The Casco Viejo that you walk through today is safe and charming. Many of the deteriorating buildings have been restored to their former glory and are filled with cafes, street art, and new brick streets. You’ll find that it’s peaceful and quiet during the day and then comes alive at night once all of Panama City’s locals head to visit Casco’s trendy rooftop bars and epic parties. The great thing about staying here is that you also have an array of stuff to do within a 12 block radius.
However, the top three reasons that I hear of people not staying in Casco Viejo is that they think it will be too touristy, it’s expensive, or they are worried about the noise.
Is Casco Viejo too touristy?
Not all at. Panama City is not a resort town. It’s a place where real people live and work, and they are not going to be having the beer in Casco Viejo on a Wednesday afternoon as you can. So during the day, you will probably see groups of tourists and government workers, but wait until the evening hits. And if you want to see some local people, take a stroll to nearby Parque Santa Ana and Avenida Central.
Is Casco Viejo too expensive?
Yes and no. Restaurants are pricier here, and it’s common to find bars that charge $20 cover and $10 drinks, but you can make it cheap with a little preparation. If you want an excellent night out without breaking the bank, I recommend getting a Soy del Casco Night Pass. This grants you 7 free drinks and free entry into 7 bars in Casco Viejo for just $25.
There are also some awesome happy hours in Casco. Rana Dorada has half-price beers from 12 pm – 6 pm on Monday to Saturday, Pedro Mandinga has $5 mojitos before 6 pm on Monday to Friday, Tantalo has half price drinks before 7 pm during the week, and the 360 Rooftop has a bucket of local beers for $6 on Tuesdays just to name a few. You can also visit Mojita, Relic, Hippies, Malibu, and El Social for decently priced drinks.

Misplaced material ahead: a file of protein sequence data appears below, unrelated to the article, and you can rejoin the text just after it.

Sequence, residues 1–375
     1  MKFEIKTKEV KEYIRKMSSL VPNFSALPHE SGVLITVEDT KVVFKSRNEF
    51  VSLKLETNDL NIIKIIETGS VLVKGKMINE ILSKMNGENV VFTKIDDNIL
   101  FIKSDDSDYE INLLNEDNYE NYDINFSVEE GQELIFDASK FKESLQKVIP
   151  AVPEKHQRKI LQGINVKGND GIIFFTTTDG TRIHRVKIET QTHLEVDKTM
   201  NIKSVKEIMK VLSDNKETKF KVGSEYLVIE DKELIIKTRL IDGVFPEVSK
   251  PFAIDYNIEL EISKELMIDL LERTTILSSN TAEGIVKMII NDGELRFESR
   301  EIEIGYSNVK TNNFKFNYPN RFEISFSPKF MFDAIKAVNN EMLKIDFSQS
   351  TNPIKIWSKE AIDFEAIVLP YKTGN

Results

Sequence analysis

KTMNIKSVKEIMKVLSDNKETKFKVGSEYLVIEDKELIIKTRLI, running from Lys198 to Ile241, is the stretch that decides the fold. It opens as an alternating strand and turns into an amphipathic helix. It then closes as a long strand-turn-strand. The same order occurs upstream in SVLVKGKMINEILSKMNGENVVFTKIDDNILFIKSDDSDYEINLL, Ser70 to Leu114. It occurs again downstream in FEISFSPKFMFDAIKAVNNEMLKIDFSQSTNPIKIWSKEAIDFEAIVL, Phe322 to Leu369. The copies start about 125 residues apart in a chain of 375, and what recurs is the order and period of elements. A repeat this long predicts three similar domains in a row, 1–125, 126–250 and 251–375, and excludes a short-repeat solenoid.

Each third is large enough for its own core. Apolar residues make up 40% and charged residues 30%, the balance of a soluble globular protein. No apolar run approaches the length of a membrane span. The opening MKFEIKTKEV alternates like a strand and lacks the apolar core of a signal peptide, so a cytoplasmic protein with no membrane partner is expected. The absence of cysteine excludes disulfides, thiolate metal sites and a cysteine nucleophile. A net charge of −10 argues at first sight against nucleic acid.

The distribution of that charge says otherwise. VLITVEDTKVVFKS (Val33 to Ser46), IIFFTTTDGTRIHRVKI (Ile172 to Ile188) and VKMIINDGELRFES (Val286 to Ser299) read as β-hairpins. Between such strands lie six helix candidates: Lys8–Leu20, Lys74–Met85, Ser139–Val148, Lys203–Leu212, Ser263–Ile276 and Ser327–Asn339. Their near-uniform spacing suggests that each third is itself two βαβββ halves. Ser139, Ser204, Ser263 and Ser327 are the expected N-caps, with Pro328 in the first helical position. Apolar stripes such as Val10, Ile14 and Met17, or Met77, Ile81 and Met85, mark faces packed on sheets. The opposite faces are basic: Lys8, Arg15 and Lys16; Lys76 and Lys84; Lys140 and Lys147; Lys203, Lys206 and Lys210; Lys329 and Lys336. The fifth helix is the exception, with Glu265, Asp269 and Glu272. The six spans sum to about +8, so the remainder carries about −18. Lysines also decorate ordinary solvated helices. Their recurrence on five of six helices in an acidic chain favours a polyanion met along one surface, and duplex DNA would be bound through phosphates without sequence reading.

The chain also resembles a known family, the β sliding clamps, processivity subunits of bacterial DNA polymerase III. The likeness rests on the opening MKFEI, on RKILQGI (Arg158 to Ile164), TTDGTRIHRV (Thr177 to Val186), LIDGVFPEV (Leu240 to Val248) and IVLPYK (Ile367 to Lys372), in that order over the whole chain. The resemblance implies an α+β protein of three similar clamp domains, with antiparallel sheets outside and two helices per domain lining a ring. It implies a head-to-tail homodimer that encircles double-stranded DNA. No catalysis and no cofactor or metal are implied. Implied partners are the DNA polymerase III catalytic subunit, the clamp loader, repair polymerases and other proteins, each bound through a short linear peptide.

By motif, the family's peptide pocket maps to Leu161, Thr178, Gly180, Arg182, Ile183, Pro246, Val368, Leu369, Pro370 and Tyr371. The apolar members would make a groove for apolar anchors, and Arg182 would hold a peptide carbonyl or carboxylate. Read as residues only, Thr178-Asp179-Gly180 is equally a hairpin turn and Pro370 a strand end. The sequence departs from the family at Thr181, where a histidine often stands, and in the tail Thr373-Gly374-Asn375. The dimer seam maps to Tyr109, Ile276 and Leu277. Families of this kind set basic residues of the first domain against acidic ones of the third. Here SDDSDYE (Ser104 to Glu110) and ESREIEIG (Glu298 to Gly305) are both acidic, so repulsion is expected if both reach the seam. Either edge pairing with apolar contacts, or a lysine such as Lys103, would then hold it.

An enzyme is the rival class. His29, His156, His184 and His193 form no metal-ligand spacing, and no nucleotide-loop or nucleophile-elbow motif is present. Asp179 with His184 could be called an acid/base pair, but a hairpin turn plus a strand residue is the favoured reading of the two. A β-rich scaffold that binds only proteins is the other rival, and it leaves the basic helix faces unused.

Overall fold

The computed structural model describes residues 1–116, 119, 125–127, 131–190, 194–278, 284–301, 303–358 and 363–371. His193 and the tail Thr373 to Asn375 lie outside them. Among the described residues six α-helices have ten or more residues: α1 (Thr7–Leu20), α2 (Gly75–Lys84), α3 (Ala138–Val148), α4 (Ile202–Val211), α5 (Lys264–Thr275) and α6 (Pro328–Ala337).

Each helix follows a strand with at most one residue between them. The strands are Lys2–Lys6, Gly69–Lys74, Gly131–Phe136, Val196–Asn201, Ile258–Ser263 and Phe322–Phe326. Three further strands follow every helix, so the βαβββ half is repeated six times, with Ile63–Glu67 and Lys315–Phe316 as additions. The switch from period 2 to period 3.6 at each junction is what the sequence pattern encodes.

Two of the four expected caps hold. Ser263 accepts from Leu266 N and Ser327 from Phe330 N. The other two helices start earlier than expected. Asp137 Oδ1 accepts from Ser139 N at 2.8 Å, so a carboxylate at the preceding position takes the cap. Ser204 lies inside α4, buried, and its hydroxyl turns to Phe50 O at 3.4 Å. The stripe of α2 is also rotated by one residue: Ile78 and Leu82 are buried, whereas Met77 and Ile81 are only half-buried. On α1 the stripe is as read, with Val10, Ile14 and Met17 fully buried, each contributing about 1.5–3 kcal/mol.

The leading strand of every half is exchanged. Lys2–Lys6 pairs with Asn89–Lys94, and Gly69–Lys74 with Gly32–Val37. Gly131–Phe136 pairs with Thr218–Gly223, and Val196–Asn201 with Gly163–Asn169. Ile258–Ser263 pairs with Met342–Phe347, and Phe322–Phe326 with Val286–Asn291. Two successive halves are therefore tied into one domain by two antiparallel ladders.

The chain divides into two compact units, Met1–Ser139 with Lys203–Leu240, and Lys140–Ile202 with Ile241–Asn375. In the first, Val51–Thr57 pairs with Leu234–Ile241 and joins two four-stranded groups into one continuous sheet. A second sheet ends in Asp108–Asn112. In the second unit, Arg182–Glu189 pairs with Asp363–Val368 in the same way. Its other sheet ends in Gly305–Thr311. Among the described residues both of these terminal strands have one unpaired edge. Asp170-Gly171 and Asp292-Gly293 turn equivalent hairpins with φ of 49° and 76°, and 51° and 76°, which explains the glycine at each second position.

If you’re looking for affordable places to eat in Casco you can get a full meal for around $5 at Cafe Coca Cola, or amazing Filipino food at El Corazon, sandwiches at Nomada Eatery, and healthy options at Mahalo.
Is Casco Viejo too noisy?
Parts of it are definitely loud. Casco Viejo has become the epicenter of Panama City’s nightlife and those rooftop bars love to blast their music. However, don’t let this deter you from staying there! By choosing the right hotel you can avoid staying somewhere that will keep you from being able to sleep. The Villa Palma Boutique Hotel, La Isabela Suites, American Trade Hotel, and Casa Garay are secluded from the rowdy party crowd.
So what is the best option?
For a first time visit to Panama City, I think it’s best to stay in Casco Viejo. You’ll be steps away from things to do and the slower pace of life makes for a relaxing vacation. Or if you have the time, stay in both! You could spend a few days in the historic center and then relax at your rooftop pool in the city while deciding which is better. Whichever neighborhood you choose, be sure to also read my Quick Guide To Casco Viejo and Quick Guide Panama City for the top things to do. Or book a tour with me and I’ll show you around!